Problem Solvers, Not Keepers

One of the very first things I teach every year is that we are problem solvers, not problem keepers.  It is usually about when to go to the bathroom or what to do when you need a pencil!  I think on average I say that phrase about 50 times the first two weeks of school.  It gets to be so routine that once I start to say it, the students will finish it:)

I used to think that I was doing something really good by getting them to think of solutions on their own and not having to rely on me, as their teacher, to solve it.  After reading the book A More Beautiful Question (AMBQ) by Warren Berger, I realized that there is a much better way to get students to solve problems…by asking questions.

Looking Forward

At my school, over 86% of students qualify for free or reduced lunch.  In the book Berger (2014) mentions a study that proved that children that come from higher class families are encouraged by their parents to ask questions and students from working/middle class families are told to figure things out for themselves.  It is clear that not only do I need to encourage questioning but I need to teach my students to ask.

I recall the second day of MAET class when we were told that we would be hosting a Maker Faire.  First we were asked what questions we have.  We came up with over 60 questions about Maker Faires.  The next day we put the questions into categories (planning, locations, stations, etc.).  Then we started to focus on the questions that were most important to us.  We decided the next step would be getting into pairs to plan out booth.  We learned SO much about Maker Faires through this process and had a successful event.

I took a lot notes about the questioning process we did because I found it to be inspiring and very effective.  There is no doubt that I could do something like this with my students.  Of course, like most things in life, it came full circle when I was reading AMBQ.  Berger (2014) makes reference to the Right Question Institute and their steps for questioning.  There are 6 steps:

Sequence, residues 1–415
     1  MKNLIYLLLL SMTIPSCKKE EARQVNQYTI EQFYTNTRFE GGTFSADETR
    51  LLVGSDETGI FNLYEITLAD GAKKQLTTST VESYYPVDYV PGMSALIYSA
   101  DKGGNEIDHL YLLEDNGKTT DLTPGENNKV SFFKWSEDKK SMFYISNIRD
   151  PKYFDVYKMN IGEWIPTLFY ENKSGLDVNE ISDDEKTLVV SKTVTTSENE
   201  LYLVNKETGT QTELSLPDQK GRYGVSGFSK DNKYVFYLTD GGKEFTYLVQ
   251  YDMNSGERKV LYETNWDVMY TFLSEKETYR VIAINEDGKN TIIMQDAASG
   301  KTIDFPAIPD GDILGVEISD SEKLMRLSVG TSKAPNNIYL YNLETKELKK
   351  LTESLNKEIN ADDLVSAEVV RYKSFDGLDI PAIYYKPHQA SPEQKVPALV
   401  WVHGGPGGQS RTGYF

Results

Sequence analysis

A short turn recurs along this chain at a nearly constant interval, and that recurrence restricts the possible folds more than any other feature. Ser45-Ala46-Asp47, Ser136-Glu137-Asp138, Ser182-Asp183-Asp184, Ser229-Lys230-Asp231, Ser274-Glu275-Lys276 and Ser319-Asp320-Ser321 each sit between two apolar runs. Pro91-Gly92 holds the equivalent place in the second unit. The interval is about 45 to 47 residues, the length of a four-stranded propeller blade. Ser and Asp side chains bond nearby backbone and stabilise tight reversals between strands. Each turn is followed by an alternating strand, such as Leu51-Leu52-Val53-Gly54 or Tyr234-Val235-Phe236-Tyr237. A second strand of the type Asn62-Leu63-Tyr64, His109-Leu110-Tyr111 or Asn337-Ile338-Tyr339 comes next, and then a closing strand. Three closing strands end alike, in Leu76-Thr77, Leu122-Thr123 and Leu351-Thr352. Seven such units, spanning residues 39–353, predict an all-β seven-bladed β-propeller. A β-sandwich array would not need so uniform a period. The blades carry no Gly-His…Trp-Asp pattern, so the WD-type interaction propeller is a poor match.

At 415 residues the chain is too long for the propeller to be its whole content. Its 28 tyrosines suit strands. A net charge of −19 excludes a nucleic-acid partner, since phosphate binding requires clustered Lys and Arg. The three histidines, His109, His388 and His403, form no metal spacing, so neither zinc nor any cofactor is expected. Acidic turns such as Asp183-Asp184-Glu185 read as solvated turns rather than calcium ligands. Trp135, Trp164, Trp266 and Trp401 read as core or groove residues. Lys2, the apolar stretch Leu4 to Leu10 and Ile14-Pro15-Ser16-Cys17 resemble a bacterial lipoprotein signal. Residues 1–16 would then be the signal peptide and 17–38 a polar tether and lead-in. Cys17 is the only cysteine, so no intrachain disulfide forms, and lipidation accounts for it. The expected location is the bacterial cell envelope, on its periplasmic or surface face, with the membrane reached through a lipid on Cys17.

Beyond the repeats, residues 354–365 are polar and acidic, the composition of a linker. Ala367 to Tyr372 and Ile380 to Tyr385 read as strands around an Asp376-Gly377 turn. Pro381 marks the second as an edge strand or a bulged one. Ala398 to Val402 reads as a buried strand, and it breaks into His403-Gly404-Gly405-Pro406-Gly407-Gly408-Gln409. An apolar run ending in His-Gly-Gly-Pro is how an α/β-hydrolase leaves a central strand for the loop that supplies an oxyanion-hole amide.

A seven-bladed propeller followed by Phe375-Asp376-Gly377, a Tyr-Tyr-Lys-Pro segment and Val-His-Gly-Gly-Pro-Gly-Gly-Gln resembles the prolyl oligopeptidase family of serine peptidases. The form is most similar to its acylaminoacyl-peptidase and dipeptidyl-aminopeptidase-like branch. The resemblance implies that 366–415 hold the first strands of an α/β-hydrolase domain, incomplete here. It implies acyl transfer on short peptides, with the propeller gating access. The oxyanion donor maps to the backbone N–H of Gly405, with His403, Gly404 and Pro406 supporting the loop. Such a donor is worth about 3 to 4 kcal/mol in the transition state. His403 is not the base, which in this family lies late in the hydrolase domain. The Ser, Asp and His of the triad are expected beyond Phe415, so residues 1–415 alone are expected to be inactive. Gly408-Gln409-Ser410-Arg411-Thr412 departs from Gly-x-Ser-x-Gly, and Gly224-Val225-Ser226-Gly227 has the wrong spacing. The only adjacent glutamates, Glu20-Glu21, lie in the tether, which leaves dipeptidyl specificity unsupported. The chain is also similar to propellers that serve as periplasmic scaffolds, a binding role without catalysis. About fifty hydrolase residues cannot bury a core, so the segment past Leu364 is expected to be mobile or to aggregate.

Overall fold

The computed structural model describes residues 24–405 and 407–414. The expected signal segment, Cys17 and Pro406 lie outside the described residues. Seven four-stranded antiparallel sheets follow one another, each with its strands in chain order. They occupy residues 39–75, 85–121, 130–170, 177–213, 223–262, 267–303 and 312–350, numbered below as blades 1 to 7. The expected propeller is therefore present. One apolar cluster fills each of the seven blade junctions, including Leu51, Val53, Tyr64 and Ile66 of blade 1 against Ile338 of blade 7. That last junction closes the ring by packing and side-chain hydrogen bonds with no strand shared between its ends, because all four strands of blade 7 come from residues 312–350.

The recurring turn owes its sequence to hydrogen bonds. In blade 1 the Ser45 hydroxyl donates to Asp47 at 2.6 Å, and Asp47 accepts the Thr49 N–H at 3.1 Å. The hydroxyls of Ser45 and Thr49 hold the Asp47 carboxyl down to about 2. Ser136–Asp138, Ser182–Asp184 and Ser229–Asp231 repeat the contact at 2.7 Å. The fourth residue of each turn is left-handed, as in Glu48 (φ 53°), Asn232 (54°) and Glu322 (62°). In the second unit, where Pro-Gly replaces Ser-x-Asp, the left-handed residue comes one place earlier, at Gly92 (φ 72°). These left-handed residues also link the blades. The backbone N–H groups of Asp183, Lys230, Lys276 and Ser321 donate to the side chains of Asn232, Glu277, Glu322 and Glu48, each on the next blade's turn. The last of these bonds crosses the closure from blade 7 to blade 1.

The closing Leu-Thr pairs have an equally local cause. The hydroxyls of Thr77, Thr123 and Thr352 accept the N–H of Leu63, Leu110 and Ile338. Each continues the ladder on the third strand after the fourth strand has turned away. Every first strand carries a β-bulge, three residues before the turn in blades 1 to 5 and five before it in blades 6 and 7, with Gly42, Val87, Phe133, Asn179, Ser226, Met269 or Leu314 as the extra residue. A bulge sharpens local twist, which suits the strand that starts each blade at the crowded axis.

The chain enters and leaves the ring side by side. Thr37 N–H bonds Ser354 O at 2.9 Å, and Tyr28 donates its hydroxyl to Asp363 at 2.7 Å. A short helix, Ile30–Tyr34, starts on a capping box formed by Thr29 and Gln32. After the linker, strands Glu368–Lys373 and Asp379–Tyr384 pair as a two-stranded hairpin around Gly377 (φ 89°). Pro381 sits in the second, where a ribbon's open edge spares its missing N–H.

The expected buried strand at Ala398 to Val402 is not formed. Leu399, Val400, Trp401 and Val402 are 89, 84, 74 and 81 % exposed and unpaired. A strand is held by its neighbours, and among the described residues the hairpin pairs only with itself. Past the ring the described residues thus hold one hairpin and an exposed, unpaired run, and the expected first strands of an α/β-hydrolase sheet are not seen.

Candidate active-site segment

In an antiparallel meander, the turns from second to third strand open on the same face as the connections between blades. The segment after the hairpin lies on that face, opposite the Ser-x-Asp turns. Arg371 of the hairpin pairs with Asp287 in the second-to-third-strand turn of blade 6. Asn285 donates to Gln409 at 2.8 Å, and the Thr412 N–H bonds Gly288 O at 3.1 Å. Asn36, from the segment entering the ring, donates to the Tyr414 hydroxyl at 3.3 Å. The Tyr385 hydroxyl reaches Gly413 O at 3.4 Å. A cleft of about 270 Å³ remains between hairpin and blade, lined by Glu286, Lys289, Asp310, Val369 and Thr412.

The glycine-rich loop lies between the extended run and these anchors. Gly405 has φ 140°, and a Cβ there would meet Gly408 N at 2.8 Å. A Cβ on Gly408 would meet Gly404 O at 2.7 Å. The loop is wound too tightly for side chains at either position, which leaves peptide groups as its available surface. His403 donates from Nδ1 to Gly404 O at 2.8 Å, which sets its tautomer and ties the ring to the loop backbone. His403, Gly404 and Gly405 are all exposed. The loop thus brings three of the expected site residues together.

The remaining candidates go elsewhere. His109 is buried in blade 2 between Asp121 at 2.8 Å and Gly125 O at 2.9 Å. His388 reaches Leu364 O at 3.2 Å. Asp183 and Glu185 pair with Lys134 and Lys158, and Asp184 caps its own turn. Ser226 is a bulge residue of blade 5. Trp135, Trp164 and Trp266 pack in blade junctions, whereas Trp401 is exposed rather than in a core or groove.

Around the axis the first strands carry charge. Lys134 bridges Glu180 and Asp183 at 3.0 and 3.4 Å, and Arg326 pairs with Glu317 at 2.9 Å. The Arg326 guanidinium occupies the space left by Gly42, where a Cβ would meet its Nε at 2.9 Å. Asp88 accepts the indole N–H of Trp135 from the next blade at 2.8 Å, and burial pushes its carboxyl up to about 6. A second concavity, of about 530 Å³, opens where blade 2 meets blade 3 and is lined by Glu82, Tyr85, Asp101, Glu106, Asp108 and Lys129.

Created on

Humans Depend on Natural Resources

When something really resonates with me, it is important for me to put it into context right away so that I don’t forget.  Since I will be teaching 3rd grade this next year I wanted to focus on a science topic. A Michigan Grade Level Content Expectation in Science is E.ES.03.51: describe ways in which humans depend on the natural environment.  A question focus I might provide would be humans depend on natural resources.  I would challenge the students to come up with as many questions as possible.  Once we categorize and choose our 3 favorite questions we can decide on next steps.  A learning reflection might be a creation of some sort (infograph, screencast, iMovie, etc).


I have experienced this questioning model first hand.  It was a great way for me to really think about a problem or question before just jumping right in to find the solution or answer.  As an educator I realize the importance of questioning.  Knowing that many of my students are not encouraged to question outside of school means that I have to teach them how to ask.  It won’t be easy and I am prepared to make adjustments as we go.  Hopefully soon when students have a problem they will ask questions to find a solution instead of just try to figure it out on their own!

Berger, W. (2014). A More Beautiful Question. New York: Bloomsbury USA.



Leave a Reply

Fill in your details below or click an icon to log in: Logo

You are commenting using your account. Log Out /  Change )

Google+ photo

You are commenting using your Google+ account. Log Out /  Change )

Twitter picture

You are commenting using your Twitter account. Log Out /  Change )

Facebook photo

You are commenting using your Facebook account. Log Out /  Change )


Connecting to %s